It’s not normal to avoid doing things we love, like getting together with our closest friends or doing our best in our studies or jobs. Most of us go back to being ourselves once everything has been resolved. But, people suffering from anhedonia — the incapacity to experience pleasure — are unable to do so. It also applies to those experiencing apathy. They lack the desire to do something or don’t care about the world around them.
Both apathy and anhedonia are typically (but not always) signs of depression and other mental health conditions. If you find the above explanations relatable and are wondering how to get rid of these feelings, keep reading!
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What is Anhedonia?
Most individuals anticipate certain aspects of life will bring them happiness. Perhaps you prefer holding someone’s hand, riding your bike, and taking in the sounds of the ocean. However, anhedonic people are unable to experience joy from the things that used to bring them happiness. Those persons have diminished interest in past hobbies and lower capacity for pleasure.
Anhedonia VS Apathy: Are They Same?
Anhedonia is distinct from apathy in that whereas apathy relates to a lack of drive or energy investment on multiple levels, anhedonia is the lack of a specific feeling: pleasure. But it may also be a sign of indifference. A person may suffer both apathy and anhedonia at the same time.
An apathetic person lacks interest in several facets of life, such as routine daily activities and social interactions. Although it is frequently observed in varying degrees in healthy individuals, it is also a sign of certain mental health problems, including depression.
What You Should Pay Attention to
The symptoms of apathy or anhedonia are obvious; even a friend or relative may comment that you don’t seem as interested or engaged as you once did. The following symptoms are used to characterize anhedonia and apathy:
- Social withdrawal
- A decline in interest in previous hobbies
- Daily activities are less enjoyable
- An inability to do everyday tasks due to lack of energy or effort
- Relationship problems or a lack of relationships
- Lack of interest in physical intimacy or a loss of libido
- Planning your activities based on other people’s suggestions only
- Lack of the desire to experience new things, interact with new people, or learn new things
- Putting your problems aside
- The inability to feel emotions when good or bad things happen to you
Consult a doctor after completing the free ADHD assessment online to evaluate your symptoms.
Types of Anhedonia and Apathy
There are various frequently discussed forms of anhedonia and apathy. Mentioned below are the main categories of both.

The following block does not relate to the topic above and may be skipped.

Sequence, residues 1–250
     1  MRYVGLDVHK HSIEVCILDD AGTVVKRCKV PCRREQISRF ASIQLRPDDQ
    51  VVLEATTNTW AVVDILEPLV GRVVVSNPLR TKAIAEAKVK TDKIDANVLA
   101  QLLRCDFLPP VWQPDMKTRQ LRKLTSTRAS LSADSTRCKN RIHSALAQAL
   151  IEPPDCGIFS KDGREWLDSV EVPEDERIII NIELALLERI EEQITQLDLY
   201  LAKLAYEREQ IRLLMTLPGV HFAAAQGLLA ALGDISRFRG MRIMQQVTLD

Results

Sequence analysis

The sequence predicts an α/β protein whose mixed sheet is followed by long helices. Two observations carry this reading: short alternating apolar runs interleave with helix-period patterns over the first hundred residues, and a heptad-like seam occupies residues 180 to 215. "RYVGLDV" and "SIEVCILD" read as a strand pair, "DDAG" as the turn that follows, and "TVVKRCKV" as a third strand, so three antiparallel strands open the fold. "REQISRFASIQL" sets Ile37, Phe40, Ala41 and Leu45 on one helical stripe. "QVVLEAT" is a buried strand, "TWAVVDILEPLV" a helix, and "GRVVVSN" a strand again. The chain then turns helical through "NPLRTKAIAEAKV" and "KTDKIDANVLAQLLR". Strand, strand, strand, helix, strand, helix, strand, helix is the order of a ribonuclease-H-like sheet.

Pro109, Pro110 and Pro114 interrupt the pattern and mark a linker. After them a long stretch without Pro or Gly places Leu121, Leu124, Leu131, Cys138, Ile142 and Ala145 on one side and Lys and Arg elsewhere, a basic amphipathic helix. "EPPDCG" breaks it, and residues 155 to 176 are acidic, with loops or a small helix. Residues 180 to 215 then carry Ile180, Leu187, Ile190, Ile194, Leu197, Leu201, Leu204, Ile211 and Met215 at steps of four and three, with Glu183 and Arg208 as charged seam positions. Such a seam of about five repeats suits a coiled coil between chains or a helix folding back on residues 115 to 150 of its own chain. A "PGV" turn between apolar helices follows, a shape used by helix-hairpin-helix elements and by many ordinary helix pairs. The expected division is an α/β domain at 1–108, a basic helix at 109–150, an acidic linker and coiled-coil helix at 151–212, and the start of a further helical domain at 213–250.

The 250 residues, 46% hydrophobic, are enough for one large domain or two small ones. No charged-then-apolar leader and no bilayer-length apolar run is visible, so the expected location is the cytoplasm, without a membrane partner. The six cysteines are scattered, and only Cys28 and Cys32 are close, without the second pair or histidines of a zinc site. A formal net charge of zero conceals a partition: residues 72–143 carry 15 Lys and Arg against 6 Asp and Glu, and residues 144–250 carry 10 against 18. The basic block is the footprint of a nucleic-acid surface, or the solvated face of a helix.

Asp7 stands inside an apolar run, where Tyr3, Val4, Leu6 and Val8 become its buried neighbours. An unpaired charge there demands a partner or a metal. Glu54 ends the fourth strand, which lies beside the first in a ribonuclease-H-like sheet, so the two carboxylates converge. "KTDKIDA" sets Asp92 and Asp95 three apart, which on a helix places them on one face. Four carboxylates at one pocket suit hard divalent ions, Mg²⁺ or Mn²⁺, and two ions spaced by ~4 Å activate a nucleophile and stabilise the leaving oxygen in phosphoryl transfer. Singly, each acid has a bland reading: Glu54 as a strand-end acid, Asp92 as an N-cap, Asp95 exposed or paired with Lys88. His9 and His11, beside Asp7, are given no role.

What Causes Them?
Increased anhedonia or apathy can be caused by procrastination and poor motivation, while these issues may also result from changes in brain chemistry. Several medical illnesses can cause apathy and anhedonia, including the following:
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How to Treat Anhedonia and Apathy?
Both symptoms can be managed in different ways, depending on what’s causing them. Changes in lifestyle and self-care practices may help people manage their overall feelings of apathy, but symptoms brought on by underlying medical or psychological issues require the attention of a healthcare professional. This may entail medicine, psychotherapy, or a mix of the two for various diseases.
When anhedonia or apathy is linked to a disorder like depression or anxiety, your doctor might advise psychotherapy. One method for addressing the underlying beliefs and actions that might lead to feelings of apathy and low motivation is cognitive-behavioral therapy (CBT).
There are currently no drugs expressly approved by the Food and Drug Administration for the treatment of anhedonia or apathy. However, certain apathetic disorders are manageable with medication. Depending on the most likely reason for your continued indifference, your doctor or psychiatrist will advise a particular drug. Several options include:
Apathy and anhedonia are typically fleeting and may appear and disappear occasionally. The following personality or routine modifications may be quite successful in the long run:
- Sleep sufficiently
- Reduce psychological stress
- Exercise daily
- Limit the use of electronic devices
- Replace negative thoughts with neutral ones
- Keep a gratitude journal daily
- Try doing something you once enjoyed
The Bottom Line
If you have anhedonia or apathy, you should try to participate more in activities that increase your levels of the feel-good chemical dopamine. The symptoms of anhedonia may improve if the underlying cause of the disorder is addressed. With the support of a mental health professional, anhedonia is not necessarily a lifelong condition.